Have you ever wondered why some businesses take off and succeed while others flounder and fail? I’d bet my life savings that both successful and failed entrepreneurs had passion for their ventures. And that they both had some expertise in their industry. If it’s not those things, what is it that makes successful businesses different?
Through my life as an entrepreneur, I have discovered that every successful venture I’ve been involved in has had at least five things in common. I’ve determined that if you want to increase your chances for success for your start-up you need to complete the following tasks.
The first critical element to ensuring success is preparedness. To improve the chances your start-up will succeed you need to prepare on some level. Think about your last vacation. Before you left you mapped out how you were going to get from point A to point B. And you probably made plans to have your mail picked-up and your animal taken care of in your absence. In other words you planned and made preparations before starting on your journey. You want to do the same before you start a business.
Take a look at the industry you are entering. Figure out how you are going to get customers to buy from you, rather than your competitors. Make certain you know any industry costs that will need to be met and methods that drive revenue.
It’s important to take a look at yourself too before leaping head first into any venture. You can’t be all things at all times. Be honest with yourself. What are your weaknesses as a business owner? How will you overcome those obstacles? What do you want to achieve in the first six months’ of being in business? In the first year?
This brings me to my next critical element-flexibility. No amount of startup planning can accurately predict the unexpected twists and turns imposed by reality. No entrepreneur gets to their end goal exactly as they envisioned. There are always going to be setbacks, unexpected twists, delays and unforeseen opportunities that will curve the path that leads you to success.
Entrepreneurs who can work past problems and embrace change will find success quicker than entrepreneurs that can’t. Being flexible and rolling with the punches is something that I’ve seen the best of the best CEO’s and business owners do time and time again.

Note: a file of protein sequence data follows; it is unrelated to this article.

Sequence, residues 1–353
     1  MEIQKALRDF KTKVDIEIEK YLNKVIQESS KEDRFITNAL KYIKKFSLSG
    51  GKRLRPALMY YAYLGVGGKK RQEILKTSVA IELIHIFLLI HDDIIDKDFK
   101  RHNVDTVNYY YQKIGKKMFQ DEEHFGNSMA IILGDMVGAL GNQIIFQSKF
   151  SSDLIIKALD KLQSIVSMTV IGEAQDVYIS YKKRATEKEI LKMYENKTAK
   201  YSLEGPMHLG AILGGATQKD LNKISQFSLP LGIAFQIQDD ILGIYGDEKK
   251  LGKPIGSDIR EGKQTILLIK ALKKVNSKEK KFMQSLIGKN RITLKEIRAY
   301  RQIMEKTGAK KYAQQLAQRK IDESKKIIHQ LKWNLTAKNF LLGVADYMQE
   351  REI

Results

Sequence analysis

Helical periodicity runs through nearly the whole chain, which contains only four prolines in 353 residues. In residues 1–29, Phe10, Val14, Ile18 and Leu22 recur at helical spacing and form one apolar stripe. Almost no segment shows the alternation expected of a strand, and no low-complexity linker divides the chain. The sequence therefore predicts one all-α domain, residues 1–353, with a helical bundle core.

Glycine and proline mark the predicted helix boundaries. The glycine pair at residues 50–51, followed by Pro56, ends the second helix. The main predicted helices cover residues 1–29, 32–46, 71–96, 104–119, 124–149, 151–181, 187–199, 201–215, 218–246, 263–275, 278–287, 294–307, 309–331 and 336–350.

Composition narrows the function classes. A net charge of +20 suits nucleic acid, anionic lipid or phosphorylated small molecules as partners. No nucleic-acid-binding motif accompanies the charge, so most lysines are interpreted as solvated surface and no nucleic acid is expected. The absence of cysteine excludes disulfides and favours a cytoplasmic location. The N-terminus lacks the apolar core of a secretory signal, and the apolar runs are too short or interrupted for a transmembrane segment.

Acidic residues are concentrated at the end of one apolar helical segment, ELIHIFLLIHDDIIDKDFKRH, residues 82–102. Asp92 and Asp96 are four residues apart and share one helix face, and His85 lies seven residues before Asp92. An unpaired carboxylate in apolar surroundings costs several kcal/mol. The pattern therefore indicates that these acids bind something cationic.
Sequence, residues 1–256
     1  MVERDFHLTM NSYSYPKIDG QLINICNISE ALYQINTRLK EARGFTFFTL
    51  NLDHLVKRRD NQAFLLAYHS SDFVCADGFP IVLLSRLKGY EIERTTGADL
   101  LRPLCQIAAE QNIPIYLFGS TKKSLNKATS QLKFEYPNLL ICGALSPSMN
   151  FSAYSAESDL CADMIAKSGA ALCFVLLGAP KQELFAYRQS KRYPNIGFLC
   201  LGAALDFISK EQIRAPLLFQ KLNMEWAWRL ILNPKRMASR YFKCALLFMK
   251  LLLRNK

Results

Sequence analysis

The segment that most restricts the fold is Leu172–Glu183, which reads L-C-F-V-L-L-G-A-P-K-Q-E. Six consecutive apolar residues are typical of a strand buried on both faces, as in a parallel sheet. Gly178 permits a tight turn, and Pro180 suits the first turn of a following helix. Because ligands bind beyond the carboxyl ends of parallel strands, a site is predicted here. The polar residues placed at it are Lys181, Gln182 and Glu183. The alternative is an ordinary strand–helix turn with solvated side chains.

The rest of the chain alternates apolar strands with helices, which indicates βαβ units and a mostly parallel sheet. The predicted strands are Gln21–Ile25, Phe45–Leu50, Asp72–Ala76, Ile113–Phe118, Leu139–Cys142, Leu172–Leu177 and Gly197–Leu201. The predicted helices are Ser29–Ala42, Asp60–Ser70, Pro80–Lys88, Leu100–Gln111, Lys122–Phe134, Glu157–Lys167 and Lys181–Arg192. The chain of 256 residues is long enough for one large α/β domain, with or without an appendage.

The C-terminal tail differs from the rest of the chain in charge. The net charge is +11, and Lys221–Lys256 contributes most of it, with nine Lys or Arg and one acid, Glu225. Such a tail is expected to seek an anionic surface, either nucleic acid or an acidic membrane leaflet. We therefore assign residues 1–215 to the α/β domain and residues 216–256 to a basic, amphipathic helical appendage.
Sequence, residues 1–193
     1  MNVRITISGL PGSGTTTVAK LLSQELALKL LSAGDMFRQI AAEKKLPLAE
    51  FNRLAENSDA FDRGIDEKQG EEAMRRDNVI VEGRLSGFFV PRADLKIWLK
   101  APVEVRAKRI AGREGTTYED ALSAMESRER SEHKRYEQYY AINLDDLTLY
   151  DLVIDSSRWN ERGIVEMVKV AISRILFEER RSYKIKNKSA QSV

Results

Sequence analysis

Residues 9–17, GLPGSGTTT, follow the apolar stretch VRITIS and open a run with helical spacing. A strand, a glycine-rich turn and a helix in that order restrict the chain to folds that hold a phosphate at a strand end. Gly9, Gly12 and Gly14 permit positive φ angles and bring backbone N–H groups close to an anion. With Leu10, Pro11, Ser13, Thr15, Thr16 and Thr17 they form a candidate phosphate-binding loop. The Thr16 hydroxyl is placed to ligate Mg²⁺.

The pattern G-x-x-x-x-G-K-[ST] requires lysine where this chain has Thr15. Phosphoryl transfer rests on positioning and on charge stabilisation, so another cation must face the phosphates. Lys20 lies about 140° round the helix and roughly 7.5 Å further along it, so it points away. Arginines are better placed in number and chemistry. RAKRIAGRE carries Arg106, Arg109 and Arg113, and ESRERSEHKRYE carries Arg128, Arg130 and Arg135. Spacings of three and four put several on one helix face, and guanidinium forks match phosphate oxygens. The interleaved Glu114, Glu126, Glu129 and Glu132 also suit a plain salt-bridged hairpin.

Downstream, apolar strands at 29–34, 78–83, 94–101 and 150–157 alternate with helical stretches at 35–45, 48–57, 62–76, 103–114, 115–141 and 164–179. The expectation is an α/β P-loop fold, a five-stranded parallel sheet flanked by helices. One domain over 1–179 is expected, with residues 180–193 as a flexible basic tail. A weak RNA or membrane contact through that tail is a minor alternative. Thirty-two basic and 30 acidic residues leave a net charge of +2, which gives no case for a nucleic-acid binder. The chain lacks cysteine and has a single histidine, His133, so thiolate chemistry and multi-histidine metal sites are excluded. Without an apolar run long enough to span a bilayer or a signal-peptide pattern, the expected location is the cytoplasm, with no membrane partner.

Great business leaders have also never shied away from entering markets that are dominated by large companies. Some entrepreneurs can get scared off from starting a business in a market that already has multi-million dollar company’s servicing it. This is a shame because even huge corporations with large staff numbers, multiple locations and large marketing budgets can’t offer everything to everyone.
That’s why I consider starting off a business servicing a niche that is being ignored or neglected in the market to be a critical element of success. Focus your business and marketing on servicing a small portion of your overall market. This is how every business should start out, no matter the market size or customer base.
In my consulting business I always ask start-up business owners who their target market is. Almost every time my clients tell me that everyone will want their products or services and they want to appeal to the global market. My response always goes something like, “That’s fine if you want to market your product to the world; how many millions of dollars do you have to invest in a regional, national and international advertising campaign?” That statement always gets my point across pretty effectively.
No business can afford to compete with the big boys in the industry or to release a global marketing campaign. You’ve got to start off small and focus your efforts to a specialized niche market. First, determine who has the most desperate need for your product or service. These will be your initial niche market. Then when you have brought in some cash and conquered that market fairly well, increase your target market to include a broader range of customers. From there, scale up and out. The business owners who don’t follow this advice and try right from the start to market to a large, general market run out of money and fail within a short period of time.